“I’ve been writing op-eds for the National Post for years. While I hope they inform opinion, it is rare to get much of a response. Hence my surprise that one co-authored with Ian Russell on the efficacy of rule-making by Canadian securities regulators has drawn several strident responses from some very distinguished industry participants, including one of Canada’s leading fund managers, preeminent plaintiffs’ counsel and a number of investor advocates,” wrote Edward J. Waitzer, director of the Hennick Centre for Business and Law, Osgoode Hall Law School, in the Financial Post Nov. 25. Read full story.

Global recession forced business schools to focus on exposed warts, silos
For Kiel Depoe, the 2008 market collapse is what drove him back to pursuing his business studies at the Schulich School of Business in Toronto. “It was a big factor, mainly because I couldn’t join the workforce straight out of university,” said Depoe in the Financial Post Nov. 25. Having graduated with his master of finance in 2010, he is now an investment-banking associate with TD Securities Inc. in Calgary. With the recession so closely behind them when he joined Schulich, he says it became a focal point in his studies. “Rather than a textbook type of teaching, a big part of the curriculum was looking at leading indicators about something very current. That was on top of the basics. Had I been in the same program two years prior, it would have been a completely different experience.” Read full story.

Canadian SMEs need to be hungrier
York University’s Schulich School of Business last week launched a new think tank to assist Canadian small and medium-sized enterprises (SMEs) in expanding into off-shore markets, as well as train management students to help entrepreneurs make that leap. The Centre for Global Enterprise is a partnership between Schulich and Export Development Canada, the Royal Bank, Scotia Bank and the Certified General Accountants of Ontario, reported Profitguide.com Nov. 26. . . . “It’s a win-win,” said inaugural director Lorna Wright, noting that international business students gain direct experience with a potential employer, while the company receives valuable strategic advice at no cost. “I don’t want Canadian SMEs to just go global. I want them to succeed.” Read full story.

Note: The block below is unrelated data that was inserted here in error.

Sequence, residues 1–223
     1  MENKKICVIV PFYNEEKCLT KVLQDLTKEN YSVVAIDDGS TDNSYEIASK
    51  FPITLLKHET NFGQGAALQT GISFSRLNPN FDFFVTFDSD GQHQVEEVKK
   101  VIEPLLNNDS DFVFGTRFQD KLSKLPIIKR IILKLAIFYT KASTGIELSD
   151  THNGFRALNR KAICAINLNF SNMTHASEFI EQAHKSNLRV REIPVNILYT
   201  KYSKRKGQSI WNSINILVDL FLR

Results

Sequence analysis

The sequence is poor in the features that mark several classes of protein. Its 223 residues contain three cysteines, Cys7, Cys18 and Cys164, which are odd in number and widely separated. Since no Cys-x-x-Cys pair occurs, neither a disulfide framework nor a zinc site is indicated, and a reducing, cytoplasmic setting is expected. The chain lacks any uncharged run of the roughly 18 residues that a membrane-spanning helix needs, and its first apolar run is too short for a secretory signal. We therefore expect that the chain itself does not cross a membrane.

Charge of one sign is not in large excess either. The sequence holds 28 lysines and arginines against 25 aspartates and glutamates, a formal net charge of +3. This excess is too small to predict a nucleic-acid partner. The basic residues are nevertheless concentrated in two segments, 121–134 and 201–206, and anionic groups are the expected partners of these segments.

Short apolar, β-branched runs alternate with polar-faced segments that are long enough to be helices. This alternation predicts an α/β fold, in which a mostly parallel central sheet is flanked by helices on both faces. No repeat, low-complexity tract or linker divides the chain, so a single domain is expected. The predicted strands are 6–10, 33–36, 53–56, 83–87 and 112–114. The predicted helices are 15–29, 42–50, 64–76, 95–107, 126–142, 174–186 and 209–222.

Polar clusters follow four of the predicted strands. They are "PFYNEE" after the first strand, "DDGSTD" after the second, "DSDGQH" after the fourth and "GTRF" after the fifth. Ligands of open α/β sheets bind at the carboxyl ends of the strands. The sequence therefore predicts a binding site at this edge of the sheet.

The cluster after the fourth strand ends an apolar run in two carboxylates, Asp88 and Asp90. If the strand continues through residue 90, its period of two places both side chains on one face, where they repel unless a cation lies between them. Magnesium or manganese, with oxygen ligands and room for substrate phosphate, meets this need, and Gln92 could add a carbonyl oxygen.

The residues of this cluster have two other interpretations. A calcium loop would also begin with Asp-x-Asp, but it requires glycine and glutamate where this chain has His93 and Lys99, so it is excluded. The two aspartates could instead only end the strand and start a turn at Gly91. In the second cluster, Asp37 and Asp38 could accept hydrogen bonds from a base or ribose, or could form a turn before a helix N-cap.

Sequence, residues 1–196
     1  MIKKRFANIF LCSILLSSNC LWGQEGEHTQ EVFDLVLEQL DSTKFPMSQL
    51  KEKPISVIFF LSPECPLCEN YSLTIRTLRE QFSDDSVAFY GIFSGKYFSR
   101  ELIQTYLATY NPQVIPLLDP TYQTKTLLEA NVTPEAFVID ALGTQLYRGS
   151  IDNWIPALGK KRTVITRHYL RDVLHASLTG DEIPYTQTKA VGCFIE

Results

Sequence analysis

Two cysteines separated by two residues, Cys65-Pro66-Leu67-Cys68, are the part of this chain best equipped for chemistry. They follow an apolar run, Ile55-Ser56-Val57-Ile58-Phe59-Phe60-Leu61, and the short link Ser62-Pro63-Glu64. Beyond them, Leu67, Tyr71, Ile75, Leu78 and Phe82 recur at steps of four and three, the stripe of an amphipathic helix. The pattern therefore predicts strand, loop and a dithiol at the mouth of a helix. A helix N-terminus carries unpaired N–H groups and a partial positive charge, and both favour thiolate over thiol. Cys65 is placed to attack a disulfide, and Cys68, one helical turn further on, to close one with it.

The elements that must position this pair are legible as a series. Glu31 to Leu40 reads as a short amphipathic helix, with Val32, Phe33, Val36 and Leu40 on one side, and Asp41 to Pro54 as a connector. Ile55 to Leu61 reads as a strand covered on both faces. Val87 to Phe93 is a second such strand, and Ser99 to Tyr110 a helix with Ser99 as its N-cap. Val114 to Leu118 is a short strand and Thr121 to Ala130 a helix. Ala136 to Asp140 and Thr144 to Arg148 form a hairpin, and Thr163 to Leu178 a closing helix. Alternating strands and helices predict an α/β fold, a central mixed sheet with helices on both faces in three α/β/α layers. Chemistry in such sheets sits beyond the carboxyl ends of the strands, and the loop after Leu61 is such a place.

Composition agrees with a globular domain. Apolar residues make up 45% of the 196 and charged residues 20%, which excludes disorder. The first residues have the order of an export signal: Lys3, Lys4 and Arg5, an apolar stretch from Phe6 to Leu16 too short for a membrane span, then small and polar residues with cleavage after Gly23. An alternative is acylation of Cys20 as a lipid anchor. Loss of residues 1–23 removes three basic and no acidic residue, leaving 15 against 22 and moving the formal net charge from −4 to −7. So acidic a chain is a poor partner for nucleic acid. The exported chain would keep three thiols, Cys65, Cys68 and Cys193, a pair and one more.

Board games / The push for new blood in the boardroom
They’re called “zombies” – corporate directors who have served on a board for so many years they have lost energy for the job and are shuffling through the motions. . . . Richard Leblanc, a law professor and governance specialist at Toronto’s York University, said many directors grow attached to the work, the prestige and the pay, and are reluctant to leave voluntarily. He is concerned that long service makes some directors less independent from management as time passes. “Boards can ossify and can become entrenched and stale,” he said in The Globe and Mail Nov. 25. Since the global financial crisis, he added, “there’s less tolerance from shareholders. . . . There’s less tolerance for entrenched boards and there’s more acceptability of term limits, diversification and renewal.” Read full story.

Learning outside the law school bubble
“Experiential education has been a hot topic ever since I began studying law in 2011, although it was most definitely an important conversation before that too. My law school has placed particular emphasis on it and Osgoode Hall Law School’s clinical programs are, in my view, one of the school’s strongest selling points,” wrote Rebecca Lockwood, a third-year student at Osgoode, in Canadian Lawyer Nov. 25. “So I was slightly surprised recently when I heard some strong arguments against this pedagogical approach given experiential education’s widespread appeal in my daily environment.” Read full story.